This reflection seems so appropriate considering the nature of the Manchester terrorist attack…..
Becoming lost in enjoyment brings sorrow;
becoming lost in enjoyment brings fear.
Being free in your experience of enjoyment means sorrow ceases,
so how could there be any fear?
Dhammapada v. 214
Is it possible to truly live with all the pleasure and pain of life and at the same time remain free from suffering? Clearly, our confidence in the Buddha’s Awakening means we trust freedom from suffering is possible. Such confidence is a powerful motivator and contributes to the foundation on which we build our spiritual practice. And from a practice perspective, we are not just interested in what we experience, but also in the way we meet all our experiences. Out of unawareness we readily become lost in experiences; the joyous, the utterly intolerable and everything in-between. But when awareness is well-cultivated there is the possibility of receiving all experience without becoming lost; without obstructing freedom.
Breaking News – Dog meat is being banned from the notorious Yulin Festival in China that takes place in just a few weeks.
Listen to Vishvapani’s Thought for the Day from our Audio Section,
Wesak – Buddhism’s Relevance in the Modern World
Just as a sweet-smelling and beautiful lotus
can grow from a pile of discarded waste,
the radiance of a true disciple of the Buddha
outshines dark shadows cast by ignorance.
Dhammapada v. 58-59
Perhaps there are times when we look at all the garbage we find stored in our minds and feel disheartened. This ‘discarded waste’ is the consequences of previous unawareness. But we can choose how we are going to view these consequences – the regrets, embarrassments and resentments to which we are still clinging.
We are not obliged to assume it must always be that way. Before he was the Buddha, Siddarttha Gotama struggled; the Teachers we all look up to have struggled; and we too all struggle when we are not seeing clearly.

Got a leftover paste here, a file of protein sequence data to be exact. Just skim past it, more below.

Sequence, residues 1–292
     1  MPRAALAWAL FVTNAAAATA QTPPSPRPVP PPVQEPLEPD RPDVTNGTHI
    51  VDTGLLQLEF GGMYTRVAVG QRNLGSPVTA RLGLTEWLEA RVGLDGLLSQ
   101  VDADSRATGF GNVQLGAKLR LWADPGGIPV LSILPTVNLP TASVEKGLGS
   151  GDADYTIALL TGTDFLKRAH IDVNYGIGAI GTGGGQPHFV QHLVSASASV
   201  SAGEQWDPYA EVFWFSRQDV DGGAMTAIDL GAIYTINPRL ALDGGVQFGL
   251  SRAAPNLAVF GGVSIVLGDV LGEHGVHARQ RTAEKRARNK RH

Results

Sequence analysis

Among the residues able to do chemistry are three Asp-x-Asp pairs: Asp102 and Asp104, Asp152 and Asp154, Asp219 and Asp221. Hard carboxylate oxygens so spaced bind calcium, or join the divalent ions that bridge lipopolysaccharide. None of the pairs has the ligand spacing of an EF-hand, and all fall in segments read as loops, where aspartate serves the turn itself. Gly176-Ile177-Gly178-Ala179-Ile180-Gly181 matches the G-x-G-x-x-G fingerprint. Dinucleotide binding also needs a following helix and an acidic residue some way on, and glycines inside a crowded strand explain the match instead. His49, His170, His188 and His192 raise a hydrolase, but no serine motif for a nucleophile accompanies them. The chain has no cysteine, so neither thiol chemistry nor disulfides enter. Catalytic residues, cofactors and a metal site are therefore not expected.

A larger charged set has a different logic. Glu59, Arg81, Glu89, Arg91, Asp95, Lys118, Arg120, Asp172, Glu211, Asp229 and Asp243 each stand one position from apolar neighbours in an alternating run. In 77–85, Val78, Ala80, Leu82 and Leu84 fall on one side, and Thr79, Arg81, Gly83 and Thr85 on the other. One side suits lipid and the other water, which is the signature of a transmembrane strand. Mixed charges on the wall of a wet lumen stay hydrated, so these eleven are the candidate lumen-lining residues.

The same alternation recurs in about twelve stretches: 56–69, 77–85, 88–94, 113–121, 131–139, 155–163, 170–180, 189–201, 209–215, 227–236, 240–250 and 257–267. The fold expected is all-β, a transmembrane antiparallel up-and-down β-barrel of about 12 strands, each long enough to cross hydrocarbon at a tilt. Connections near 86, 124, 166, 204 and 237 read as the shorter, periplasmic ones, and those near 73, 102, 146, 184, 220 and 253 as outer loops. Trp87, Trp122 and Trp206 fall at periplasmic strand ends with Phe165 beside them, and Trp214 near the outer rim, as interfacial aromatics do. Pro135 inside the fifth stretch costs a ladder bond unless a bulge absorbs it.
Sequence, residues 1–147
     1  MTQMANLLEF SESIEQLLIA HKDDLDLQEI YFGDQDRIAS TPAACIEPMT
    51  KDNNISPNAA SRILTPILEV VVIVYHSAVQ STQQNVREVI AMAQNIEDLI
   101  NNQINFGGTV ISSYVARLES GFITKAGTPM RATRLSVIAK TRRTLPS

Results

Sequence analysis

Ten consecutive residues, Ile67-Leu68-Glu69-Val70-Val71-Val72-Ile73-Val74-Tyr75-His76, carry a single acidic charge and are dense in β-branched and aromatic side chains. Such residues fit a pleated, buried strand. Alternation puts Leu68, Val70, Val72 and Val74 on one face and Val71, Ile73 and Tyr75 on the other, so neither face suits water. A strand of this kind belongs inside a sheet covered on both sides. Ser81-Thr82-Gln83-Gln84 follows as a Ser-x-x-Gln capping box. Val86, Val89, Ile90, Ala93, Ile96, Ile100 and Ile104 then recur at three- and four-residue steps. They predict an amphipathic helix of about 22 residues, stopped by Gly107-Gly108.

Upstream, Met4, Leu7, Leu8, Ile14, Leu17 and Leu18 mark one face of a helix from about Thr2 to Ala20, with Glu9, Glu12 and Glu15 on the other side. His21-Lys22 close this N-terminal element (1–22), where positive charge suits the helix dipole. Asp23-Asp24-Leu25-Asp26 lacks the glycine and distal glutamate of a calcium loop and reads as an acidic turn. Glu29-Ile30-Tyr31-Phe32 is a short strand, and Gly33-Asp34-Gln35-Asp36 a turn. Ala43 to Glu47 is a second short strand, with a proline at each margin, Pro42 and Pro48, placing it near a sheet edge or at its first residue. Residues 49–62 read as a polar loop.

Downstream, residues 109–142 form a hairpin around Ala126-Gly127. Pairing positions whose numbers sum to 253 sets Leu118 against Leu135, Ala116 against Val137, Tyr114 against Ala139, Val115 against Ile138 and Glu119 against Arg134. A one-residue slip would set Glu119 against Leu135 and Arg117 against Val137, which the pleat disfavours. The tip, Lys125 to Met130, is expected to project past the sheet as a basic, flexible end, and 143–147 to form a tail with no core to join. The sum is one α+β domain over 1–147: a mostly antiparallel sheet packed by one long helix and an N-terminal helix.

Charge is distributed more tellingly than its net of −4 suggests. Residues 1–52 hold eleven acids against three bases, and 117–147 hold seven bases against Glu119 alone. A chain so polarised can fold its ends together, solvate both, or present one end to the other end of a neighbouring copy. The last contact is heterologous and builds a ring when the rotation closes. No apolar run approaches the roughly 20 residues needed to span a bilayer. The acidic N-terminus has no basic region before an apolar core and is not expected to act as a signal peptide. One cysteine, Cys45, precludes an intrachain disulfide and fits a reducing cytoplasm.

What matters, here and now, is what we do with the struggle. The Buddha’s Awakening offered the world a vision of that which is possible. Our task as disciples of the Buddha is to uncover the possibilities within us; not to assume that the detritus of ignorance which we encounter inside ourselves is what defines us. When compost is properly processed, it transforms into valuable nutriment.
I came across this amazing picture of a Statue of the Buddha which was found in a copper mine in Afghanistan. It is thought to be around 1,800 years old but you can still see the original colours.
Having withstood time, the elements, looters and war, this spectacular Buddha was restored and removed from one of Afghanistan’s most dangerous regions to make its public debut in the country’s national museum.
The exceptionally well-preserved piece, with its colours still vibrant, was found in 2012 at the Mes Aynak site about 40 kilometres southeast of Kabul, in the now Taliban controlled Logar province.
Its discovery was made possible after a Chinese consortium began digging a massive copper mine that uncovered an ancient monastery complex stretching out over an area of four square kilometres.
Come, view this world.
See it as an ornate festive carriage.
See how fools are entranced by their visions,
yet for the wise there is no attachment.
Dhammapada v. 171
This very world that we live in is our field of spiritual study. We can learn from all of it, but we probably find on occasion that we prefer to look away. Taking time out to refresh and renew can certainly be helpful, and was regularly praised by the Buddha. Let’s take note, however, that here our Teacher is specifically inviting us to look directly at the world – not to merely look away in judgement, but to study it; to reflect on it; to see where, when and how we are fooled by its appearance. An attractive object such as an ornate festive carriage can be beguiling so long as we are not wise, and similarly utterly unattractive objects can fool us. But projecting love or hate on to an object is something extra that we do; we are not obliged to add anything extra. As the Buddha said elsewhere, in the seeing let there just be seeing. Nothing added, nothing taken away.
As you all know by now our Wesak celebrations here at the West Wight Sangha are currently scheduled for Sunday the 14th of May. Wesak, traditionally falls on the night of the first full moon of May which this year is on Wednesday the 10th. For convenience we hold our celebrations on the following Sunday (from 12:00 to about 3:00 p.m.) which this year coincides with the Walk the Wight festival, the unique sponsored walk in aid of the patient care at the Earl Mountbatten Hospice.
Needless to say a lot of you are taking part in this incredible event which raises so much money for the island’s favourite charity and as such wouldn’t be able to join us on the 14th.
So my question is would you be able to make it if we move our celebrations back a week to Sunday the 21st of May?
Please let me know as soon as possible so we can decide whether to change the date or not.
(As the date of Wesak follows a lunar calendar and different schools of Buddhism celebrate the Buddha’s birth, his enlightenment and death on different dates, I don’t feel guilty about moving it, it’s not like changing the date of Christmas!)